The market price on a sporting event, known as “the line,” is well understood by many sports viewers who do not wager. One line, however, is a false representation of how betting markets operate. As they approach the closing number, lines are in motion and moving all over the place. A bettor can also purchase (or sell) points from the book. A teaser bet is one technique to achieve this.
Describe the teaser bet. How do they function? Are teasers wagerable, and if so, how? In this overview of teaser betting, we’ll cover all of that and more.
A teaser bet is what?
A teaser involves trading volume for points. The bettor must parlay two or more picks in exchange for purchasing a certain quantity of points.
Typically, the teaser requires the bettor to receive six points for each football game and four points for each basketball contest. In exchange, they are required to select at least two teams, which raises the likelihood that at least one leg of the wager would lose. Like a parlay wager, a teaser wager’s grade as a winner for the specified amount depends on the outcome of every leg.
Teasers often feature two teams, but some bookmakers permit up to 10 wagers per teaser.
Although it seems a little hard, it’s actually rather easy. Consider the Super Bowl from the previous year. According to Pro Football Reference, the final market consensus was Kansas City Chiefs -3 with an over/under of 54.5.
The following wager would be produced by teasing the Chiefs and the under:
- +3 Chiefs
- Under 48.5
- Since the game ended on 40, the under 48.5 wager did well, but the Chiefs +3 wager failed miserably as they were defeated 31-9. Given that the legs were tied at 1, this teaser was defeated.
Here are a few fictitious NFL Week 1 scenarios that we’ll discuss in greater detail later. The lines in the table below are from the DraftKings Sportsbook.
Example 1 of a teaser wager: Tampa Bay (-7.5) plus Indianapolis (+1.5)
A teaser could help you reach to a price where you feel comfortable betting on the 2021 Tampa Bay Buccaneers, even if you’re a little hesitant about laying -7.5 against Dallas in Week 1. Since you are receiving six points, the -7.5 becomes a -1.5 in this situation.
Perhaps you want to back the Indianapolis Colts at +1.5, but you want to fade the Seattle Seahawks. Once more, add six points to it to get a more comfier margin of +7.5.
Thus, the wager:
Indianapolis +7.5 and Tampa Bay -1.5
Teaser bets: should you use them?
As with most betting-related questions, “it depends” is the standard response.
Teasers are typically not a wise choice for the bettor. Similar to parlays, combining several bets into a single wager that requires them all to win only enhances the likelihood that the bookmaker will take your money. Your compensation for the compounding risk is insufficient.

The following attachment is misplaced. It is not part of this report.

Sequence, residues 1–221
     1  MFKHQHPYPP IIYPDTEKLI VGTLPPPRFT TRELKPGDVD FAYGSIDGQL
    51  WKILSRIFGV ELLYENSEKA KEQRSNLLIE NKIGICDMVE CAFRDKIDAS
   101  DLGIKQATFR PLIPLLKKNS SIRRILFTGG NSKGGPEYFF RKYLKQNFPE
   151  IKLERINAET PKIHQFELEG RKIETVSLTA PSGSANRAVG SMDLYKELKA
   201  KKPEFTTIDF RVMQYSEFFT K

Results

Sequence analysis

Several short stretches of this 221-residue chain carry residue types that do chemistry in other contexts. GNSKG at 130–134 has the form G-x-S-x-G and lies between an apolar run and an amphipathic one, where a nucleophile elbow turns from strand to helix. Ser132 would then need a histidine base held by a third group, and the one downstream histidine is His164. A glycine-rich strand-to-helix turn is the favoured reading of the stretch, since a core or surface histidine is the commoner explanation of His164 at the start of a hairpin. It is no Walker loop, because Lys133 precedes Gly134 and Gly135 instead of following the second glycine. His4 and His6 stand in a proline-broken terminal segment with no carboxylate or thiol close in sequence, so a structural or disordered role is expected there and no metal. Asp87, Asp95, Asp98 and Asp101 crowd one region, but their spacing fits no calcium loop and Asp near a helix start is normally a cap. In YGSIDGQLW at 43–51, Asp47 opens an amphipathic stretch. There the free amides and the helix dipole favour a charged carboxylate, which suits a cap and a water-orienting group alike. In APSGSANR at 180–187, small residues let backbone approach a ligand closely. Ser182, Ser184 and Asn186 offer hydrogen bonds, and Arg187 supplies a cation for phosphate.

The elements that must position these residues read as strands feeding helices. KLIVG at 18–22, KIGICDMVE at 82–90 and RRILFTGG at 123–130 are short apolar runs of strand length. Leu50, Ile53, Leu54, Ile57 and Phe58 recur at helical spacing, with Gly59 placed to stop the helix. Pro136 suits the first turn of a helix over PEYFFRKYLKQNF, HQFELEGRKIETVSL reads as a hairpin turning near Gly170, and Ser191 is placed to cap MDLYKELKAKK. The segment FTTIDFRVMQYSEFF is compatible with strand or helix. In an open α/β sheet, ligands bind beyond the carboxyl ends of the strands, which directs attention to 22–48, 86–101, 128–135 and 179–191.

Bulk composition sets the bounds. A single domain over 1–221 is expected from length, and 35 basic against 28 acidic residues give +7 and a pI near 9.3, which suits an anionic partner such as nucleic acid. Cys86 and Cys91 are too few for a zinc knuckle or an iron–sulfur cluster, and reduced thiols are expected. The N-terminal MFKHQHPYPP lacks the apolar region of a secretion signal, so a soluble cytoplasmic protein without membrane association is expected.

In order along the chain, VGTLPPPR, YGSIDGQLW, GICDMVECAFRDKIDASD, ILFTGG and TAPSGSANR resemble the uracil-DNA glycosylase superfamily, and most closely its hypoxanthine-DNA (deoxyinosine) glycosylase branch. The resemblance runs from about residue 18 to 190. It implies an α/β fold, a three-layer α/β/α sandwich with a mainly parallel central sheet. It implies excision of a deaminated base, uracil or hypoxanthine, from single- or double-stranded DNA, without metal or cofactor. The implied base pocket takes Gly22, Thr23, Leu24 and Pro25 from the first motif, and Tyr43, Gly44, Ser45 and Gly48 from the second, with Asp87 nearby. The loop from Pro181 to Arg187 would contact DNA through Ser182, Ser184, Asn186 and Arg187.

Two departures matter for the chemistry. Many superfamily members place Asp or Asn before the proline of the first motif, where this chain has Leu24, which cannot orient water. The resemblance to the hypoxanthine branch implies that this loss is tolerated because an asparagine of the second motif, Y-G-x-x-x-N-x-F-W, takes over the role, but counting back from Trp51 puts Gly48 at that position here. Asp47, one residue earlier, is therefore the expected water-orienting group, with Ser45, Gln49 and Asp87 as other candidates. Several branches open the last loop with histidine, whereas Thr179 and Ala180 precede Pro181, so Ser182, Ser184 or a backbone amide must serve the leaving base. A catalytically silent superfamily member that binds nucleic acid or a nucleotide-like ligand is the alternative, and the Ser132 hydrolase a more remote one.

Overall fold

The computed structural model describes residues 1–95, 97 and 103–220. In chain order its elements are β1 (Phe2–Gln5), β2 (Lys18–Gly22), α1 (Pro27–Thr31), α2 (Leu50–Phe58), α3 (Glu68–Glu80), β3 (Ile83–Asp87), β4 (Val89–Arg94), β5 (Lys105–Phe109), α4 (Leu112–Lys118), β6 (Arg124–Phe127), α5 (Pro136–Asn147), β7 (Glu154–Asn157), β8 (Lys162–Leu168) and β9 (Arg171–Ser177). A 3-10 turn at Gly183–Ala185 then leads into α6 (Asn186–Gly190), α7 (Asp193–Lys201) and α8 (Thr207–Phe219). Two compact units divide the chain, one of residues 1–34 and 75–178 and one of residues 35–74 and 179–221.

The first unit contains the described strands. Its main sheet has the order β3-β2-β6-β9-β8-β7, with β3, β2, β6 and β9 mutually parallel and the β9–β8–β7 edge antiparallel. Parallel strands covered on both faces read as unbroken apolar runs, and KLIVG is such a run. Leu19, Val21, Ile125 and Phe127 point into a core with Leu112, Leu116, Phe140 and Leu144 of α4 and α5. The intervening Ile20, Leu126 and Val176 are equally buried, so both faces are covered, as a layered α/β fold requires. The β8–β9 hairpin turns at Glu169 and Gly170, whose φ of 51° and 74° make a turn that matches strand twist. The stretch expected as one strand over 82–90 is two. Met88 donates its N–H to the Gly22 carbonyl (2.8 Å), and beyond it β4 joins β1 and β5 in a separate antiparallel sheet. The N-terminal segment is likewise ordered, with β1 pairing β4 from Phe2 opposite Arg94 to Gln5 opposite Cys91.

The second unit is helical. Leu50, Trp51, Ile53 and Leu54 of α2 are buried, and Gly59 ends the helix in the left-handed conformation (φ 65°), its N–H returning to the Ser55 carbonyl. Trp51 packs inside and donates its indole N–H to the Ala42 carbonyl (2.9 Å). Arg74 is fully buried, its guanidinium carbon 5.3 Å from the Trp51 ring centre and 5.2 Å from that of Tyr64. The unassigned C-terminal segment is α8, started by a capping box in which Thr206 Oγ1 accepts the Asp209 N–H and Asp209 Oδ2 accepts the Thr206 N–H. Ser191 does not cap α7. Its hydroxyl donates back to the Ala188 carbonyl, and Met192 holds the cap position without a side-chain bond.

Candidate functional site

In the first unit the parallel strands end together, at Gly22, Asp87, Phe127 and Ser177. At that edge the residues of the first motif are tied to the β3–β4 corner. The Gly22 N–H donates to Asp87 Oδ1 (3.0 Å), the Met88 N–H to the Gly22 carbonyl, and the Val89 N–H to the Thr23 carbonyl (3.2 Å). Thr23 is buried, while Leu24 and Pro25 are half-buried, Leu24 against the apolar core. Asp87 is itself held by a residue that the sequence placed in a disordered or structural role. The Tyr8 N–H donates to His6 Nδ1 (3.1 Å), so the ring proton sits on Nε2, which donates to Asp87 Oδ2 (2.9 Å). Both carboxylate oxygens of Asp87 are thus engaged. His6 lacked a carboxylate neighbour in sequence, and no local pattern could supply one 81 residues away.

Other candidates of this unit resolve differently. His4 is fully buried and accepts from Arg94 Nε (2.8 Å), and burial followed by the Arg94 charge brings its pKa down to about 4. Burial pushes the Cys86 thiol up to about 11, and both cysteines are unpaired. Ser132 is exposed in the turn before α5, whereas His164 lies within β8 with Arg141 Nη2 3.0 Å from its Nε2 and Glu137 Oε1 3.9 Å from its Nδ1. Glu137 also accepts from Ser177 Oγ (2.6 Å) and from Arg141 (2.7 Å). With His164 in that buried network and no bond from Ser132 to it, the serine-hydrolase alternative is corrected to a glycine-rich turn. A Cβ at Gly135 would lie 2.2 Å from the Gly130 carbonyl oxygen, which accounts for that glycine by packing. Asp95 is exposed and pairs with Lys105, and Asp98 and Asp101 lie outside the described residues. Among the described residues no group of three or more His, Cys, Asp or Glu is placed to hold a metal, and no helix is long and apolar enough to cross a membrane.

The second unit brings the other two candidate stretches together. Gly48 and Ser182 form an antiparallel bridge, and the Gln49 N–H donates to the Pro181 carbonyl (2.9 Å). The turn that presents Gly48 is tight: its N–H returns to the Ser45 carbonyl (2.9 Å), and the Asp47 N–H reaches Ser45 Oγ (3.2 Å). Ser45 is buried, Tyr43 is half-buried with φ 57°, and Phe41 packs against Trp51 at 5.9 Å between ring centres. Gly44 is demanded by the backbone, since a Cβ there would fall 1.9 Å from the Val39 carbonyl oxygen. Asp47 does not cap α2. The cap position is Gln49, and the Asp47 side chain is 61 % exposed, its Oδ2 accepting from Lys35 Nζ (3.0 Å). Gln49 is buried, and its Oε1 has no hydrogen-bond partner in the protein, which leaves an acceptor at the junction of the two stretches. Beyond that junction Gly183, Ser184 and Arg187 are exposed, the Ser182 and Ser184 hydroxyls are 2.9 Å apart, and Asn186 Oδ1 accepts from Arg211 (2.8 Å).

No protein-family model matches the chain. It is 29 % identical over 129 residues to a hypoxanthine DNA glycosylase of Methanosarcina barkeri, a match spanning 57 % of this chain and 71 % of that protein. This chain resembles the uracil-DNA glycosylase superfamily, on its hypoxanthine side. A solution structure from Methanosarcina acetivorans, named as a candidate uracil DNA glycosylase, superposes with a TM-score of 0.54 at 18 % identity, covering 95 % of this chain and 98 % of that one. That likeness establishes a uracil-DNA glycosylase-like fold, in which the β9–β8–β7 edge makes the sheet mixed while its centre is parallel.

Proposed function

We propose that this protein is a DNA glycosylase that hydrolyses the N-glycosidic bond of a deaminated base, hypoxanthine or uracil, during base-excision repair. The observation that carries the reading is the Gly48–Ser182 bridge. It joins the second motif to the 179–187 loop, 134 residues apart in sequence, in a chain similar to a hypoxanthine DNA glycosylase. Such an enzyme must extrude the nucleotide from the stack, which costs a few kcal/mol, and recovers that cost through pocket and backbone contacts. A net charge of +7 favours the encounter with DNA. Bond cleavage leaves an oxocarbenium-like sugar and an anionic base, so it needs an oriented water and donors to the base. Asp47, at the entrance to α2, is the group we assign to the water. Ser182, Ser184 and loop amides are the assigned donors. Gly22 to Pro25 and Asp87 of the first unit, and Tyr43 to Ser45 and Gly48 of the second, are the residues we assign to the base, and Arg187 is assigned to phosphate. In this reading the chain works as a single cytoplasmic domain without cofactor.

However, there is a particular kind of two-team teaser that might result in wagers with positive expectation (+EV), known as a “Wong” teaser, after gambling author Stanford Wong.
They are restricted to the NFL. Compared to, example, college football, buying points has a higher value because of the sharpness of the markets and the generally competitive nature of NFL games. College markets have much lower levels of confidence. Paying for numbers therefore has less use.
Choosing the correct numbers for the correct games
Wong’s teasers center on buying crucial numbers. You should invest in three and seven in football because those are the most typical victory margins.
So, going back to the instances we discussed earlier, notice that the first one complies with these specifications. A teaser bettor purchased the numbers 2 through 7 for the Buccaneers. The bettor followed the identical procedure for the Colts, but used positive numbers rather than negative ones.
Football game margins commonly fall within this range, especially in the fiercely competitive NFL. Be aware that favorites should be laid at odds of 7.5 to 8.5 and underdogs should receive odds of 1.5 to 2.5 for regular teasers.
Even while buying these vital numbers all the time is undoubtedly the most crucial element, it’s not that straightforward. Also important are totals. In general, teasers are more valuable when the sum is lesser. Simply put, the points you purchase are more likely to be significant in low-scoring situations.
It goes without saying that the sportsbook permits you to sell points if you can buy them there. A “reverse teaser” or a “pleasing” is a parlay wager with two or more picks in which you “sell” the sportsbook six points.
It’s possible that the latter moniker derives from the fact that winning one makes you feel extremely happy. Or perhaps it comes from how happy the sportsbook employees are when you fire them.
In any case, payouts differ, but you should be aware going in that pleasers are extremely challenging to hit.
The opposing strategies from teaser bets automatically apply in terms of strategy. The odds of the handicap between the two teams being accurate increase with the sharpness of the market. Therefore, you stand to gain more from betting on sports like college football or basketball as opposed to the NFL.
If a leg pushes, what hapeens to my teaser bet?
The mechanics governing some teaser bets are unclear to many gamblers. Say, for example, that you teased the Patriots in example No. 2 above and they lost by three. What would happen?
Teasers are commonly treated like parlays in novels. In other words, they treat a push or cancelled game like a teaser with one fewer leg by simply dropping it off.
But it isn’t always the case. For instance, FanDuel’s conditions provide that if one leg pushes and the other wins, they will automatically cancel a two-team wager. For the applicable policy, review the terms and conditions of your sportsbook.
Rules that are pertinent to games that are postponed, moved, or cancelled may also be applicable. Once more, heed the house regulations of your sportsbook.